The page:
I know, I know – I said I was finished with the Eastern Front. But people keep turning up books that add a little more icing to this terrible cake. In this case, the miscreant was my wife. And as it turns out, she’s gifted me with a very interesting piece of that history.
The first thing I should mention – should anyone out there want to research this era: Pleshakov states in his Epilogue on this book that the era of Glasnost is apparently over. The current batch of Soviet apparatchiks have been closing down the research coffers in Russia, apparently feeling that items revealed over the past fifteen years about WWII in academic publications and the more accessible biographies of Soviet personages haven’t cast a favorable light on the Soviet Union. And Stalin’s Folly is one of them.
Pleshakov, at the time of this book’s publication, was a visiting professor at Mount Holyoke College, and one wonders whether he’ll wind up in a gulag should he return to Russia. Other Eastern Front memoirs I’ve read allude to flagrant cowardice by soldiers and airmen on the Soviet side, but Pleshakov paints even generals in this light. Of course, the higher placed military people were subject to censure, sometimes execution by Stalin, should they not perform to his exacting standards. And this effect on the military in Pleshakov’s theme in portraying the first ten days of the German-Soviet war.
Joseph Stalin or the vozhd, or boss, as he was known by his intimates, steadfastly refused to believe, in the days leading up to Germany’s attack on June 22, 1941, that Germany would dare wage war on the U.S.S.R. They haven’t the resources, he thought, to fight Britain and the U.S. in the west, then begin a second major front in the east. He refused to believe German reconnaissance flights over Soviet territory in the run-up were ominous, not even reports of a German plane landing near Moscow to gain an up-close view of the city. Even when the attacks began, Stalin refused to counter them, thinking the attacks were a mistake. Given his non-aggression pact with Germany in 1939, he didn’t want to antagonize Hitler, despite attacks all along the lengthy Soviet borders that clearly spelled war. He sent the eventual hero of the Soviet-German war, Georgy Zhukov, packing when he continued to insist on the German threat. And Stalin did all he could to keep Semyon Timoshenko and Zhukov separated, fearing they would depose him.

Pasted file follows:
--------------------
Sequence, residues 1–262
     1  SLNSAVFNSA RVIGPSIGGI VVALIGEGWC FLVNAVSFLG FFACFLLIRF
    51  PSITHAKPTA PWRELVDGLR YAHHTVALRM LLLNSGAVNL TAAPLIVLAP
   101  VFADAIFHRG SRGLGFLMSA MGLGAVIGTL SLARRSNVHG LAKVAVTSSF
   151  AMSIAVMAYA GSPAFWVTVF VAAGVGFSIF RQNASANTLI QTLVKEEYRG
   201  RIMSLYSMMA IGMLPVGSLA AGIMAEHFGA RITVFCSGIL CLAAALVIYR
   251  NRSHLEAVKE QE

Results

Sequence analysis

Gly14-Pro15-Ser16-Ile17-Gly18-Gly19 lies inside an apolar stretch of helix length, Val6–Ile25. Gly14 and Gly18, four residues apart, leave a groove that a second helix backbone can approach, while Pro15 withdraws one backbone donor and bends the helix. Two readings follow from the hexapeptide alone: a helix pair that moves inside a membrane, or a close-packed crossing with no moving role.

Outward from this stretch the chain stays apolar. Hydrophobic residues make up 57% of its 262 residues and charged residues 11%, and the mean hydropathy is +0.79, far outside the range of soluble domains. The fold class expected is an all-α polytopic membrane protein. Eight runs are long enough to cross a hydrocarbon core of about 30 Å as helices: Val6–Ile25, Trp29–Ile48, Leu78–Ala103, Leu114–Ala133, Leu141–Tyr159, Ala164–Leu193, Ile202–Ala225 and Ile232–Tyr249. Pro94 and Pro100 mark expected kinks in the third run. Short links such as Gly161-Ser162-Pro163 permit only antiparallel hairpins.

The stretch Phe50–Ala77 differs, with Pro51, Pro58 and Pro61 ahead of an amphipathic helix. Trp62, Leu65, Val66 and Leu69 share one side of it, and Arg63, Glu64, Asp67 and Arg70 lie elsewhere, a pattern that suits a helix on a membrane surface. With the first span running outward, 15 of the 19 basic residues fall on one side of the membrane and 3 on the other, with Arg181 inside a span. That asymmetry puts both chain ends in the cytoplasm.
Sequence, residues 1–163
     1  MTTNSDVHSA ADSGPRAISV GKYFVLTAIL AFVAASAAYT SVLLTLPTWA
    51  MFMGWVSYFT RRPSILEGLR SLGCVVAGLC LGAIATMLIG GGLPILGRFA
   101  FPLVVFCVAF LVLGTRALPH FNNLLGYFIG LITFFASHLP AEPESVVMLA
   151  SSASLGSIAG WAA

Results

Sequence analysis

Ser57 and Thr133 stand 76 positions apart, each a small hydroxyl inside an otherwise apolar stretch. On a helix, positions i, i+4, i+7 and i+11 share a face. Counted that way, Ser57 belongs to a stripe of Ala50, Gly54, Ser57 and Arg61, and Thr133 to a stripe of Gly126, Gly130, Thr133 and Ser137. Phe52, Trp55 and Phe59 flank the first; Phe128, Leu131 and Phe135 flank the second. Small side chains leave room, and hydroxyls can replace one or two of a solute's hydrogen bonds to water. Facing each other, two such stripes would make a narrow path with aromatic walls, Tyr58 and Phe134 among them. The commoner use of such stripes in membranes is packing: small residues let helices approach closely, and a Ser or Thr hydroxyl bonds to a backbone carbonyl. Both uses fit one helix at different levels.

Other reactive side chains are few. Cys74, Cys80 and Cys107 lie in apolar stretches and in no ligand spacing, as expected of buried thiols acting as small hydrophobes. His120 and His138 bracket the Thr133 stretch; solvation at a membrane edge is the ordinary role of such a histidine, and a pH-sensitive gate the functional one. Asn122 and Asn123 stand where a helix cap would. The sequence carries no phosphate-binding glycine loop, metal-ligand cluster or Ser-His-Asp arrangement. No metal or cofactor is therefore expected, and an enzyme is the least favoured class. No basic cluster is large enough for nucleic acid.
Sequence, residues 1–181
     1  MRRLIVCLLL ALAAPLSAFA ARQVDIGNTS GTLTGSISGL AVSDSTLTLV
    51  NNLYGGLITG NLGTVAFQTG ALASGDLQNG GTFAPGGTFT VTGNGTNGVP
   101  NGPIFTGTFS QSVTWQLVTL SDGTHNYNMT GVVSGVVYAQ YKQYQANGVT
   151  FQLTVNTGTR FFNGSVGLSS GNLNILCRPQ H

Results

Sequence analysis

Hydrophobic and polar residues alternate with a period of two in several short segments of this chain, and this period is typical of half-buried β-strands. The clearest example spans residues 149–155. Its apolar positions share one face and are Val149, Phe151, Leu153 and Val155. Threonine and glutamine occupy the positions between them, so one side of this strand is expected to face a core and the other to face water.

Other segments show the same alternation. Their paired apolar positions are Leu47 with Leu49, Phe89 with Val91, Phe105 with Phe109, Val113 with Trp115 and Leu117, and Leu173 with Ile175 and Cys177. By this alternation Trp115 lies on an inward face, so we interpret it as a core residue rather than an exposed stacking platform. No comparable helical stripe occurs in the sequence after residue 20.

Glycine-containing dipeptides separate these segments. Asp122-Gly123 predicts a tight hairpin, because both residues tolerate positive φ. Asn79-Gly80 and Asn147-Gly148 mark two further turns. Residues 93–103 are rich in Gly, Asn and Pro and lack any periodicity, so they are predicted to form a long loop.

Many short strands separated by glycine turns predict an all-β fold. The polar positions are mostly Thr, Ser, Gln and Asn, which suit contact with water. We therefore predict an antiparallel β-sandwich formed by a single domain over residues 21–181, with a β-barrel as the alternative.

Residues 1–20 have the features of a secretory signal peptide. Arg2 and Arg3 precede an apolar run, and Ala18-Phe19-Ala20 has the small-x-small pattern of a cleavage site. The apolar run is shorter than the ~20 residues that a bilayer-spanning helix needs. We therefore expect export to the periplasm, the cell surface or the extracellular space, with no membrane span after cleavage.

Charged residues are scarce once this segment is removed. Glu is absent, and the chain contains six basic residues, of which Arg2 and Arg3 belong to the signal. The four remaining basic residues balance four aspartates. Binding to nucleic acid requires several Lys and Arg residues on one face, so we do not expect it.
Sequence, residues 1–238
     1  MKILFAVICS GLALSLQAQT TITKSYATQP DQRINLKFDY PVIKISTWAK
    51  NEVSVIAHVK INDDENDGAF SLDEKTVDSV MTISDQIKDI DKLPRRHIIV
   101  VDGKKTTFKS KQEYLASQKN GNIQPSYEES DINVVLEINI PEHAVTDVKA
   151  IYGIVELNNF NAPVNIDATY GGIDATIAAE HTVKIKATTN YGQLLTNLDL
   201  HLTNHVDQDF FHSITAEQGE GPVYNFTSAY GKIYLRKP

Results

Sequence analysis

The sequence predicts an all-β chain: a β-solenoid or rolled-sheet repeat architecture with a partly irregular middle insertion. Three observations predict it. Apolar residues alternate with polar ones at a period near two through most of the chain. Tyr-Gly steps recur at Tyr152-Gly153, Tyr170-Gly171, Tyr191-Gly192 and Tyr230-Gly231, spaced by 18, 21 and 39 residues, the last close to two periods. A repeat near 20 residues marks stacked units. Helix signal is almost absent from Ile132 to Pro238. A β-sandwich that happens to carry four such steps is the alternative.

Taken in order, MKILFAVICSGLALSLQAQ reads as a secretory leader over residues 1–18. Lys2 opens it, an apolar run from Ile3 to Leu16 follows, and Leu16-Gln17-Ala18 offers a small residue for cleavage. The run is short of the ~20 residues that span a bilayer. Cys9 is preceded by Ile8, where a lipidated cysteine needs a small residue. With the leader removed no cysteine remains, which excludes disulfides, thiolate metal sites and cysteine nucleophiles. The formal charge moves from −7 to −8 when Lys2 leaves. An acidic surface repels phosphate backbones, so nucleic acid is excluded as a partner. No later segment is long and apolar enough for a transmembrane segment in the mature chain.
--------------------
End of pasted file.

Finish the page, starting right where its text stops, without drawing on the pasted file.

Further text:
Ironically, Pleshakov reveals here that Stalin had developed extensive plans for a preemptive attack on Germany, but believed it would be unnecessary until 1942 or 43.
Pleshakov’s scholarship here is outstanding, and his ability to mix vignettes of lowly soldiers and ordinary citizens into the military/political drama in a suspenseful way as the war builds is, in my mind, unparalleled in such historical work. This book reads like well-crafted fiction, partly because of Stalin’s near-unbelievable behavior, but largely because of Pleshakov’s apparent skills as a writer. Representing the first ten days of this war in a work such as this is an arbitrary matter, but it works to depict the sorry state of the Soviet military and the lunacy of Stalin against the supremely prepared German war juggernaut. That the Soviets eventually turned the war around – with Stalin remaining at the helm – is a testament to the Russian soul and to the military’s ability to adapt to German warfare, and to the derangement of Stalin’s leadership.
Coming Next – I enjoy throwing in a classic once in a while, so for the next two weeks – with your indulgence – I’ll post on one of the more accessible of William Faulkner’s novels, As I Lay Dying.